Tuesday, 6 March 2012

Cracking Cake at the BBS Course

I'll never turn down a free course, especially when its something I'm passionate about. I took on my first Breeding Bird Survey square this year, and on Saturday I got myself on the 7 30 ferry and hot footed it down to Dumfries for run through of the tips and techniques for a successful survey. For those of you unfamiliar with BBS, it is a joint survey managed by BTO, RSPB, and the JNCC, which aims to
"make standardised counts on randomly-located sites during the breeding season, enabling us to monitor changes in numbers of over 100 widespread bird species"
So now you know!

After a little wobble finding the venue in beautiful Islesteps I was happy to walk into the hall and find it awash with comfortable khaki and practical shoes... This was definitely the place!

The course itself was being taught by Rob Bray, Anne Cotton and Edmund Fellowes (thanks for giving up your time guys). After brief introductions and the chance to grab a coffee we kicked off with an introduction to habitat surveys. A great little lecture making a possibly daunting part of the BBS seem suddenly very simple.Then it was on with the wellies to have a go for ourselves!

The first chance to play outside came with an example of habitat classification from Edward.

Now none of us can claim we don't know what unimproved grassland looks like.
Following lunch and some wonderfully tasty home made chocolate cake courtesy of Mrs Fellowes (yes I hit the gym on the way home), it was time to get to the business of birds. Thankfully the methodology for the survey is pretty straight forward. Two kilometre long transects broken down into five 200m segments. Recording birds seen and heard by proximity to account for their conspicuousness (an algorithm is used to help estimate the numbers of more cryptic species that may be overlooked if any great distance away).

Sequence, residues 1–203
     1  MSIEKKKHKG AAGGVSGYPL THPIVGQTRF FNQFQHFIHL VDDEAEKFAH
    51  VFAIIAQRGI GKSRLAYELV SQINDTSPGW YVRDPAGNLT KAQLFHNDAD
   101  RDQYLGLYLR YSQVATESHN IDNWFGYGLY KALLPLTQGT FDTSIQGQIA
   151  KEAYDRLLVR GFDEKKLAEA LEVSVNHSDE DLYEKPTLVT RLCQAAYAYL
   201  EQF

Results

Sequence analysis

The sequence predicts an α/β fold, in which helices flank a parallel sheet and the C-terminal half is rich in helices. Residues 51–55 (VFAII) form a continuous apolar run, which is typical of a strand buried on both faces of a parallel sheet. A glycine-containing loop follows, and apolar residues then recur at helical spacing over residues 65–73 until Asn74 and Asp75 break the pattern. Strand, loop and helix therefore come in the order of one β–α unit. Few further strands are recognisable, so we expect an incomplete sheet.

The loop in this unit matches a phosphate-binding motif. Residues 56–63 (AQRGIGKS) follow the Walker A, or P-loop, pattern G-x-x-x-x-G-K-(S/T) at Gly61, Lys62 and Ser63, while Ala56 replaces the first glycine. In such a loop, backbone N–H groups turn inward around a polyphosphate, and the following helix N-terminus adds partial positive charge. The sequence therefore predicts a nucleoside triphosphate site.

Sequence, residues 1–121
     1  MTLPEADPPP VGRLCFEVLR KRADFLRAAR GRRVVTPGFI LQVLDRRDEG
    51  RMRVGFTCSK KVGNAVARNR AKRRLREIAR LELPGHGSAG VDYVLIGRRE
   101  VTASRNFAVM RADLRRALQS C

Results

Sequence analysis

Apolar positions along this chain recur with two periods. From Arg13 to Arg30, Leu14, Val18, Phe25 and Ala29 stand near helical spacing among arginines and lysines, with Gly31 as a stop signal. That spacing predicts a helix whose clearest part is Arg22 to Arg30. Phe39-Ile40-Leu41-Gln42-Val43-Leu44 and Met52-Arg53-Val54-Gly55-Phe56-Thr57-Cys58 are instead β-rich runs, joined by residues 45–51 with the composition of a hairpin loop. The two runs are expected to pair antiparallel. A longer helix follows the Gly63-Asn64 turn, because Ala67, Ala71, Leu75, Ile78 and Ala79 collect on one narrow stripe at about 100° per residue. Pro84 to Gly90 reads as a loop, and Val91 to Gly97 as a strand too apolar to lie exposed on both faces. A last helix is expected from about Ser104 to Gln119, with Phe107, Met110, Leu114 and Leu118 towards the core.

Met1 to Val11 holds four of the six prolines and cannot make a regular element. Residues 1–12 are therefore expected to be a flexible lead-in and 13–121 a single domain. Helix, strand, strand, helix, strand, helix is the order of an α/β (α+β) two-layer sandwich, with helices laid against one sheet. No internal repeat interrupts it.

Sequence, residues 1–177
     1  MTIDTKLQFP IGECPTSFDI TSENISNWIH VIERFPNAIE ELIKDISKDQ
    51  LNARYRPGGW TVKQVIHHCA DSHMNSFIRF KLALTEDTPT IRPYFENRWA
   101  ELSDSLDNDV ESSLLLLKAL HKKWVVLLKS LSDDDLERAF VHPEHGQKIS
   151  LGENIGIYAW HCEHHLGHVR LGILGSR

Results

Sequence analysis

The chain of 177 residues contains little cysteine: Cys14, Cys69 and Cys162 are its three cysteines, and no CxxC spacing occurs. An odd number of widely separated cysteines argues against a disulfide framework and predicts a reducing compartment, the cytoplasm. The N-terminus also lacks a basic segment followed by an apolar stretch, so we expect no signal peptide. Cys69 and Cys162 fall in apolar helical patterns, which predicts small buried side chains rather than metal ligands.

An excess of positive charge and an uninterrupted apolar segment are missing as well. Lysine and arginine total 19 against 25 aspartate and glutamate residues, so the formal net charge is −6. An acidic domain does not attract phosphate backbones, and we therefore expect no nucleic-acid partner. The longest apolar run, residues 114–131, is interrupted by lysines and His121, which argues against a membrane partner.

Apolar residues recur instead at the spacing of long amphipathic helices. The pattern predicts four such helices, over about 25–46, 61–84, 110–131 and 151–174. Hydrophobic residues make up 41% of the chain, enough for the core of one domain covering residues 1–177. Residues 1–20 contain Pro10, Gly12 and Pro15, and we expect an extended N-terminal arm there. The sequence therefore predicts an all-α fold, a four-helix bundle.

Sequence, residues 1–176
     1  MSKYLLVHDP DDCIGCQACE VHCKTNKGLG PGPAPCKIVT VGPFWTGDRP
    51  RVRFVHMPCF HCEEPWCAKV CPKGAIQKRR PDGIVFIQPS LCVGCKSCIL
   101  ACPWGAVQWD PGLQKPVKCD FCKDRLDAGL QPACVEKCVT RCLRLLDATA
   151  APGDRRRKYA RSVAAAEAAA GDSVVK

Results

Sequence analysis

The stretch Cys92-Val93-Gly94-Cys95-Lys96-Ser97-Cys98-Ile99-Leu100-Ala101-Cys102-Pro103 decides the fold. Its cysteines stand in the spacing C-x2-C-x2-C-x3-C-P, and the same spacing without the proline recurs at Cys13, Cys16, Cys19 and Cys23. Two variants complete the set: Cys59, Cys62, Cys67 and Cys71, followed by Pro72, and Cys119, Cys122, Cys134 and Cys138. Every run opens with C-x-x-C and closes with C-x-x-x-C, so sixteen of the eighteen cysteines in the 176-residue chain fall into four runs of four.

Next, to get a feel for the survey, we broke up into teams and headed out to do our own transects. Luckily my ears hadn't gotten too rusty over winter and I could still pick out most species, and we ended up seeing some really nice birds.

The dream team carry out their practice transect - dodging cars and low flying buzzards
Umpteen jackdaws, rooks, chaffs, blue tits, siskins, a peregrine, four or five buzzards, a tree creeper, three G-S woodpeckers and a couple of starlings later, and we were back in the hall to find out how to record our sitings.

A final session on data entry and we were all set (note delicious cake on tables)
Personally, I found this course a great intro to the BBS process and can't wait to get out to my square. The enthusiasm shown by everyone on the day was fantastic. If there's a course near you, go along, find out if BBS is for you. You can get a list of free squares near you from your BTO Regional Rep.

Happy Birding!

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